Wednesday, July 28, 2010

Beals on Recruiting Trail at Legion Tourney

Came after this after completing today's news and notes, and didn't want to save it until tomorrow.

A colleague of mine within the Newspaper Nework of Central Ohio, Sean Golden of the Lancaster Eagle-Gazette has a story in today's paper about the State Legion Tournament. The tournament being played out in Lancaster has had it's share of college coaches on hand scouting the talent, headed by Ohio State's Greg Beals. It's a fun read and shows that Beals is staying true to his word and hitting the recruiting trail hard.

College scouts keep a watchful eye at Legion tournament

-Sean Golden

LANCASTER -- Greg Beals found a spot on the stone steps near the press box Tuesday at Beavers Field to watch -- and evaluate -- the talent before him at this week's American Legion state tournament.

Beals, hired June 17 as Ohio State's baseball coach, was one of dozens of college coaches and scouts that will watch games at Lancaster's three Legion tournament sites this week.

"It's toward the end of the recruiting season," Beals said. "But being our state legion championship, it's a must-stop for me to see the talent here and support Legion ball in our state."

Beals was identifiable, like his colleagues, by the university polo shirt on his back, the stopwatch in his hand and the stack of notes sitting next to him. Do the players know that he -- and a number of onlookers from baseball programs of all levels -- are in attendance?

"I think when they come to these state-qualifying tournaments, it's pretty well known there's going to be some college coaches," Beals said.

"And the players, they have goals and desires and dreams about where they want to play. So I'm sure they look around before they play and get a feel for who's there."

Kyle Nelson, 17, is a senior at Marysville High School and is in his second year playing Legion baseball for Marysville Post 79. Nelson noted which schools had scouts in attendance before his team's games at Beavers Field on Tuesday.

"Oh definitely, I do," Nelson said. "But it doesn't change the way I play or anything."

By becoming the new host of the Legion state tournament, Lancaster has become a showcase of sorts for some of the best baseball talent in the state.

After July, a busy month for baseball recruiting, Beals said the American Legion tournament is among the last chances that coaches have to evaluate talent during the summer months.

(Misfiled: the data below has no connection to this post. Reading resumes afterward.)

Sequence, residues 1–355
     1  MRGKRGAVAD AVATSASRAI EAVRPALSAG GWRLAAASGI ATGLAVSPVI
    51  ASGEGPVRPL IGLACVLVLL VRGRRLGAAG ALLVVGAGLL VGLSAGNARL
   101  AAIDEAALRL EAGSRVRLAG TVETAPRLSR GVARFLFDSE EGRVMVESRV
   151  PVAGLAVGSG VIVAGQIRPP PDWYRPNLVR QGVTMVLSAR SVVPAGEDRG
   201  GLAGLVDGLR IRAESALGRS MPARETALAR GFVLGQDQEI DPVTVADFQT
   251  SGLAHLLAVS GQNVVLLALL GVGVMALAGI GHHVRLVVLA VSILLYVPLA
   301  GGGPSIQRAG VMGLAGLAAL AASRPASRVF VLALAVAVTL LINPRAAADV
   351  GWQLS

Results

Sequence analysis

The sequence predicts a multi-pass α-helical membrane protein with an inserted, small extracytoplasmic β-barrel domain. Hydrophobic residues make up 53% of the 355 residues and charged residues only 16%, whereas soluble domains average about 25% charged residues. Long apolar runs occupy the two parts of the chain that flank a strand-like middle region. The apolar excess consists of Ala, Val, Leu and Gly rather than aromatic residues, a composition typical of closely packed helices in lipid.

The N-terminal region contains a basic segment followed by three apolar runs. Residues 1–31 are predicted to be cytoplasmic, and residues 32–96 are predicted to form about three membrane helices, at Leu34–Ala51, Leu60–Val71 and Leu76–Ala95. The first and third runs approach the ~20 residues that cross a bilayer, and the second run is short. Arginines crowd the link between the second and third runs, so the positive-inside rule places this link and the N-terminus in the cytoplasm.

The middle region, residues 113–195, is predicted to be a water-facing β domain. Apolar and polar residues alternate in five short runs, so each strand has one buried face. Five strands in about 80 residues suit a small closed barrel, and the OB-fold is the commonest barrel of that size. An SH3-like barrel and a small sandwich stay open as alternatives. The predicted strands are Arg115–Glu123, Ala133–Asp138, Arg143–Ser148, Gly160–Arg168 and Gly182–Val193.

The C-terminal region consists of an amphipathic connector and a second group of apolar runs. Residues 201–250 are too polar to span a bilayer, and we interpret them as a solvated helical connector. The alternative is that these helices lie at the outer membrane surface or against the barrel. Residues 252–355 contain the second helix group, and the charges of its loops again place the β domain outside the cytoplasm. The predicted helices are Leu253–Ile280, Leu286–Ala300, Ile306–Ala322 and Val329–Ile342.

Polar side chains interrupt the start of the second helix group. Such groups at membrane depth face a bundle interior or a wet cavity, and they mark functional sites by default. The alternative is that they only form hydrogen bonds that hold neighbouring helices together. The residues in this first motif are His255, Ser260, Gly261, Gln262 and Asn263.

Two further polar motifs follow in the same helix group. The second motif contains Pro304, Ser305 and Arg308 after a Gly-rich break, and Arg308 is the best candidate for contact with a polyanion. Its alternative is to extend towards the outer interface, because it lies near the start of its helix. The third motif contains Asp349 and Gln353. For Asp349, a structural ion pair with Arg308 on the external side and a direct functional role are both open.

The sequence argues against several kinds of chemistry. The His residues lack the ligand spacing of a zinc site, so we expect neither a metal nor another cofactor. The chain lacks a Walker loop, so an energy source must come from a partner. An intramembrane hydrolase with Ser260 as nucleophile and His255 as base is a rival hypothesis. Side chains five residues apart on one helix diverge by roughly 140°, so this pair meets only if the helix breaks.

The often-tricky rules of recruiting in college athletics still apply.

Coaches may have face-to-face contact with players before and after tournaments in the summer. But no such contact is allowed while players' teams are still alive in the tournament.

Mike Deegan has been an assistant coach and recruiting coordinator with Division III Marietta's baseball program for seven years. He has paid a visit to the Legion state tournament every year.

"We're recruiting guys that are going into their senior year of high school," Deegan said. "We're looking for the best players, the best athletes. We circle them, and then follow up with a phone call or an e-mail to see what they're planning to do in the fall of 2011."

Anthony Kidston, 17, is a junior at Defiance High School and in his second year as a pitcher and right fielder for Napoleon Post 300. Kidston has garnered attention from programs like Kentucky, North Carolina and Louisville.

He knows of several current and former teammates who have gone on to play different levels of college baseball. He said he anticipates that the further his team goes, the better chance he'll get looks from college scouts.

"If you have a good game, it's going to affect how they look at you or how they feel you'll fit into their system," Kidston said. "You always try to do the little things -- but even if you have a bad day, they can still see the tools you have."

Beals, who has coached college baseball for 15 seasons, said it's no small number of players who have gone from being discovered playing Legion baseball to success in the college ranks.

But scouting at spots like the state tournament is just one step, he said.

"There's a lot more to the process than seeing if they can run, throw and catch," Beals said. "That's what we're doing today, trying to find that talent. But we've got to follow up and make sure they're the right student-athlete for our program."

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